2020 has seen a dramatic increase in the number of Canadians working from home in response to the ongoing pandemic. A wide variety of workplaces have had to close for extended periods to comply with public health restrictions due to COVID-19 or have asked their employees to work from home out of caution. Millions of Canadians have found themselves unexpectedly having to find or make space in their homes to accommodate working remotely.
Employees who meet certain criteria are entitled to claim the expenses associated with a home office on their taxes. With such a dramatic increase in the number of people working remotely this year, many people will be claiming these expenses for the first time. The Canada Revenue Agency (CRA) has recognized this situation and has implemented some temporary changes to how home office expenses are claimed for 2020. The new changes announced by the CRA on December 15, 2020, will make these deductions available to more Canadians and will help to simplify the process, both for the employees and their employers.
As so many people have had to find or make space where they can to work from home, the definition of a home office has loosened up considerably. Employees who worked from home more than 50% of the time for a period of at least four consecutive weeks due to COVID-19 in 2020 will be eligible to claim a deduction on their 2020 income taxes for home office expenses. Two methods of claiming these deductions are available; a temporary flat rate method or a detailed method of claiming all of the expenses you paid while working from home.
The simplest of these methods is the option to claim a flat rate of $2 per day to a maximum of $400 for the year. Employees who choose this route will not have to keep any receipts or have any paperwork signed by their employer. This option would work the best for people who would be strictly claiming for home office expenses. This method does not apply to those who need to claim added expenses such as automotive or travel expenses. In reviewing home office expense deductions for previous years, the CRA found that most of these approximated the $400 limit for this option. If someone believes that they are entitled to a larger deduction, they can still use the detailed method.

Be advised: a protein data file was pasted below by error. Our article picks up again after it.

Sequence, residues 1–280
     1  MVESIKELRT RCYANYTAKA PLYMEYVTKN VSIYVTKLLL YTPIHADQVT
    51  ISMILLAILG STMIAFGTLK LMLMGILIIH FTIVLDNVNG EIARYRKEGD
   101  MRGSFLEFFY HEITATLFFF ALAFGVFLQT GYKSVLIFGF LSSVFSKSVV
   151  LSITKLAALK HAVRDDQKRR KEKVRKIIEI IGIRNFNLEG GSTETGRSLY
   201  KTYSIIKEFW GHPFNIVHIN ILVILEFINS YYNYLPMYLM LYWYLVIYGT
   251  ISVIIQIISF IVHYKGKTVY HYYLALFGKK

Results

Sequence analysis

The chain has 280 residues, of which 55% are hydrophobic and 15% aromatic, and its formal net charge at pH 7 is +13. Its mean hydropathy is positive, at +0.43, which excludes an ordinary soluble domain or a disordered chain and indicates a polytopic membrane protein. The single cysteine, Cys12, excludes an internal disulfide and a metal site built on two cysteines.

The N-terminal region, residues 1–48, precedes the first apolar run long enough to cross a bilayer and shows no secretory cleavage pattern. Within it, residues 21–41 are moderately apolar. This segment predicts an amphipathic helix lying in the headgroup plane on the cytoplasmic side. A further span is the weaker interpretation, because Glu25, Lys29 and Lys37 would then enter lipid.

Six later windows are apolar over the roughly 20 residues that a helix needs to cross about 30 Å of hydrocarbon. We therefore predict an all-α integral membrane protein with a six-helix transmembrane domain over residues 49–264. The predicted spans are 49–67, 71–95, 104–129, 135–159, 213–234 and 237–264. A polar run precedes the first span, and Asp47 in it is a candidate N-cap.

A completed T2200 or T2200S form from your employer is required to be able to use the detailed method. The T2200 form certifies the conditions of employment and whether you were required to pay for employment expenses. The T2200S is a simplified version of the T2200 form to be used specifically if you worked from home due to the COVID-19 pandemic and wish to use the detailed method to calculate your home office expenses. In filling out this form, your employer certifies that you worked from home in 2020 due to the COVID-19 pandemic and that you had to pay for some or all of the home office expenses used directly for your work while carrying out the duties of your employment.
The CRA has also created an online calculator to help determine the home office's square footage and the expenses to be claimed for the detailed method and has expanded the list of expenses eligible for deductions. This expanded list now includes internet access fees, which will be treated as a utility (such as electricity or natural gas). You will need to keep the supporting documents for the items that you claim with the detailed method.
More information is available at https://www.canada.ca/en/revenue-agency/services/tax/individuals/topics/about-your-tax-return/tax-return/completing-a-tax-return/deductions-credits-expenses/line-229-other-employment-expenses/work-space-home-expenses.html
Dean LaBerge, Local Journalism Initiative Reporter, Grizzly Gazette